1. A list is given of protozoa previously described from termites of different countries, and now recorded from Australian termites.
2. Observations on division stages of Janicki's ‘stout form’ of Devescovina striata do not support his contention that the ‘stout form’ is a pre-division stage of the ‘slender form’.
3. A new species Spirotrichonympha grandis is described from Porotermes grandis Holmgr.
4. The protozoa of Stolotermes victoriensis Hill include a new genus, Spirotrichosoma, of which two species occur--Spirotrichosoma obtusa and Spirotrichosoma capitata.
5. A Trichomonad flagellate from Porotermes grandis, mentioned but not described by Kirby, has distinctive characters which mark it as a new species, Pseudotrypanosoma minimum.
6. A new genus Pseudodevescovina (Pseudodevescovina uniflagellata) is described from Calotermes insularis White.
7. Mastotermes darwiniensis Progg., the most primitive known termite, contains in addition to a ciliate, Nycto-therus termitis, large and unusual flagellates for which the genera Mixotricha (Mixotricha paradoxa) and Deltotrichonympha (Deltotrichonympha operculata) have been erected. The morphology and possible affinities of these forms are of great interest.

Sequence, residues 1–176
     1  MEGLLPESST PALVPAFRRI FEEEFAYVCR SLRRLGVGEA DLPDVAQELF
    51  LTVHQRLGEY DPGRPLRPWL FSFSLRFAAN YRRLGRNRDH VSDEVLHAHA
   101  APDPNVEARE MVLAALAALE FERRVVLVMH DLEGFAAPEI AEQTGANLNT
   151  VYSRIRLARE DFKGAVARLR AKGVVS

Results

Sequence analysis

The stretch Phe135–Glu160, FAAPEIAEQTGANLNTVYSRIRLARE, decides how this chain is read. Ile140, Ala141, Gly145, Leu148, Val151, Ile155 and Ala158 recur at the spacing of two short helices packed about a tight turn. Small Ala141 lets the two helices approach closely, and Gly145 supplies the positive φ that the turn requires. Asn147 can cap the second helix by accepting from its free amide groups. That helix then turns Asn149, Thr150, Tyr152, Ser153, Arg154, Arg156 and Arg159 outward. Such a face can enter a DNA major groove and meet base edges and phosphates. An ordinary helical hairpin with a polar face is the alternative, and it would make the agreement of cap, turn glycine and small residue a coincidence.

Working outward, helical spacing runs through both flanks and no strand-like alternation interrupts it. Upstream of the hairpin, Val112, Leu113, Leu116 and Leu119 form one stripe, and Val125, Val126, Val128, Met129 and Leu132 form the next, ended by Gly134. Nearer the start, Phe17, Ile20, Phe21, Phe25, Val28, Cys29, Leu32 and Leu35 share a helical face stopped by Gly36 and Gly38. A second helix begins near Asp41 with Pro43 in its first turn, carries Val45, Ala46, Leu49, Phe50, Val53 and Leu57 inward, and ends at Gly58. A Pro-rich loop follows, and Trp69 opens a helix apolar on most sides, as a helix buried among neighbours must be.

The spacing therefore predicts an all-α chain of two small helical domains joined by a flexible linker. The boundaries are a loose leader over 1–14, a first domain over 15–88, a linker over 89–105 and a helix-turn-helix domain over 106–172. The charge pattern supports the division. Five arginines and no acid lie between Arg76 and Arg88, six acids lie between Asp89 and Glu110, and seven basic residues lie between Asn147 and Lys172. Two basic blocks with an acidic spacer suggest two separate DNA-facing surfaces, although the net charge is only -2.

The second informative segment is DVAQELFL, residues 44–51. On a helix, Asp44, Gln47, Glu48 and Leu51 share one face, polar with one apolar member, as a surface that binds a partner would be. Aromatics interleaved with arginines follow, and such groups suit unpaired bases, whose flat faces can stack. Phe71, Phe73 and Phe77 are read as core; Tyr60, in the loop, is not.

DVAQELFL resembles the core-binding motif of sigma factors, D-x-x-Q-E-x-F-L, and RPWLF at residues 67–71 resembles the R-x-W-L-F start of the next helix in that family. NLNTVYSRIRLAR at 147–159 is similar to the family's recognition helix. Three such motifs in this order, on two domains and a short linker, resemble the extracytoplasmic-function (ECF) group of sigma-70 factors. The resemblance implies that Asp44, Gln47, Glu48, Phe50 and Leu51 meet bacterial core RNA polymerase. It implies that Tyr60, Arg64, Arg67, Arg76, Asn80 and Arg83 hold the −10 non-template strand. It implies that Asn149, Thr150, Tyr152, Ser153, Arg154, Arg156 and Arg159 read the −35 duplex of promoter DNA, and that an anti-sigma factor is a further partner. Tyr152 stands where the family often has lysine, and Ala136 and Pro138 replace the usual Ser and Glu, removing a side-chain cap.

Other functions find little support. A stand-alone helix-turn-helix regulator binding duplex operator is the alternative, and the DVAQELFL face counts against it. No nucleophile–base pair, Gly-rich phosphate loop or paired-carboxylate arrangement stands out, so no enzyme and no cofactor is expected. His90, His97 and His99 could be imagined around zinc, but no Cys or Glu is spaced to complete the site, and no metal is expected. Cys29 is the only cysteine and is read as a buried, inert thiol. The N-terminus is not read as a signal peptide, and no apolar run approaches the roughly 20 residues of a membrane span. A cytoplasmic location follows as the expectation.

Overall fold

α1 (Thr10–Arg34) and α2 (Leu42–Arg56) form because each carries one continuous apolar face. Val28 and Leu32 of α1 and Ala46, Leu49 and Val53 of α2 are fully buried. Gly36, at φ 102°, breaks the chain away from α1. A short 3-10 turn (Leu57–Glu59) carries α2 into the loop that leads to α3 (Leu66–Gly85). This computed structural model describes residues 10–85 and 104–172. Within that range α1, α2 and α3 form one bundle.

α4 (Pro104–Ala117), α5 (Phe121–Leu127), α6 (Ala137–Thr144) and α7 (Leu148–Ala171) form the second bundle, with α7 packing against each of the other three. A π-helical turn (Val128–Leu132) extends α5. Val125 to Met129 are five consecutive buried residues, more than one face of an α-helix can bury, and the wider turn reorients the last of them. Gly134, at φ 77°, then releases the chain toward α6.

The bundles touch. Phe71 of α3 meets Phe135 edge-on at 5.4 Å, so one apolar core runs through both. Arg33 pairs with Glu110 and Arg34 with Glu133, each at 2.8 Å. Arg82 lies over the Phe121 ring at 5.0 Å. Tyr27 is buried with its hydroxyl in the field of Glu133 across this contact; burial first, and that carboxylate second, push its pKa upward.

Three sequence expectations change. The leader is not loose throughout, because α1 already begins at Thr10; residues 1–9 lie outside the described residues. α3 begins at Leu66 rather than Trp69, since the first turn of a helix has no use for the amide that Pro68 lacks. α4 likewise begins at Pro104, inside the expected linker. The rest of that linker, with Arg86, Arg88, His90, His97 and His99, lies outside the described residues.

8. Observations made on the ‘centroblepharoplast’ of Spirotrichosoma obtusa tend to show that this organ is in this form primarily skeletal rather than neuromotor in function. Division stages show that in Spirotrichosoma obtusa the axial organ does not function as a centrosome, so that the term ‘centroblepharoplast’ is inexact for this form. An analogous skeletal or supporting structure is found in Deltotrichonympha.